Pakistan Foreign Secretary Aizaz Chaudhary said on Tuesday that his nation has built nuclear weapons in the wake of possible threat of war from India.
As Pakistan officially acknowledged its nuclear programme for the first time, it is evident that Islamabad feels threatened with the Indian Army's 'Cold Start Doctrine' that has been named as 'pro-active strategy' now, AFP reported.
Speaking at a news briefing, Chaudhary also referred to Pakistani Prime Minister Nawaz Sharif's visit to the United States later in October. He said the two nations will not sign any nuclear deal. Sharif will meet US President Barack Obama on 22 October.
It is believed that the goal of Cold Start Doctrine was to "establish the capacity to launch a retaliatory conventional strike against Pakistan that would inflict significant harm on the Pakistan Army before the international community could intercede, and at the same time, pursue narrow enough aims to deny Islamabad a justification to escalate the clash to the nuclear level," according to a research by Walter C Ladwig III.
The Indian military announced a limited war doctrine after its "perceived inability to react to the December 2001 attack on the Parliament in New Delhi by by Pakistani-backed Kashmiri militants, and the subsequent military standoff with Pakistan, known as Operation Parakram (Operation Victory)," the research said.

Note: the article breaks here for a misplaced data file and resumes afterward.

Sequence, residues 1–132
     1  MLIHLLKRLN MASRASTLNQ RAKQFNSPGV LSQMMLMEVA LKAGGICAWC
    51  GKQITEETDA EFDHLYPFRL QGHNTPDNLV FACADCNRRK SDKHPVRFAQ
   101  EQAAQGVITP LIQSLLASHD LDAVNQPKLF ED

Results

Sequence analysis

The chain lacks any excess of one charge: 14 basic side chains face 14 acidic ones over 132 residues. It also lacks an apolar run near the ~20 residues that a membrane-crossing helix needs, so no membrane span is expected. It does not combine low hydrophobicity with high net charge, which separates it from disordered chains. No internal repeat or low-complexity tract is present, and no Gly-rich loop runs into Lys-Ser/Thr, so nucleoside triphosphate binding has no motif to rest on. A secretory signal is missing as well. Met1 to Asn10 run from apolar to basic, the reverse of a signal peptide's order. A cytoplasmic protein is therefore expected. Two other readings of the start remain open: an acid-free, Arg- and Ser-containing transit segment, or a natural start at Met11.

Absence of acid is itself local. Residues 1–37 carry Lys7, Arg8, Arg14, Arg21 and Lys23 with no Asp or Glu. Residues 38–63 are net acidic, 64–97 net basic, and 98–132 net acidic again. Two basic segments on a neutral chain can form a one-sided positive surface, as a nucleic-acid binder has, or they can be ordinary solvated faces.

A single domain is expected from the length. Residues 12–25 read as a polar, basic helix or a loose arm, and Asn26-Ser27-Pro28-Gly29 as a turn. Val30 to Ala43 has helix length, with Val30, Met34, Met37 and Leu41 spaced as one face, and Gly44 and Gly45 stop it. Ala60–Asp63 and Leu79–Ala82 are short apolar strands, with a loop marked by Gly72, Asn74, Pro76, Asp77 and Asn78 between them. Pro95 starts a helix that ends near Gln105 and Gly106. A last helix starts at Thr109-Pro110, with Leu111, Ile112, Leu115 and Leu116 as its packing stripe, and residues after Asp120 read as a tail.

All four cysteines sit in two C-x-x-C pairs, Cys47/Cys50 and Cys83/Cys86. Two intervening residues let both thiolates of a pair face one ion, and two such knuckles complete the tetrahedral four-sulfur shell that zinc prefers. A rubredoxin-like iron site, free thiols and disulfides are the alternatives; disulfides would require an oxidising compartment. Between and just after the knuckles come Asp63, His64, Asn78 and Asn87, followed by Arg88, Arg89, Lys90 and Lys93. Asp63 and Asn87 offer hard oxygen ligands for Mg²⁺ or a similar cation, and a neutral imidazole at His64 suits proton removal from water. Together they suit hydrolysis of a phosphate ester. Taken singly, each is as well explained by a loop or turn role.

"The Indian Army announced a new limited war doctrine in April 2004 that would allow it to mobilize quickly and undertake retaliatory attacks in response to specific challenges posed by Pakistan's "proxy war" in Kashmir," it added.
In his research, Ladwig III had mentioned that "Pakistan will come under increasing pressure to rely on its nuclear arsenal for self-defense" if India "enhances its ability to achieve a quick military decision against its neighbour in a future conflict".
"An operational Cold Start capability could lead Pakistan to lower its nuclear red line, put its nuclear weapons on a higher state of readiness, develop tactical nuclear weapons, or undertake some equally destabilising course of action," he added.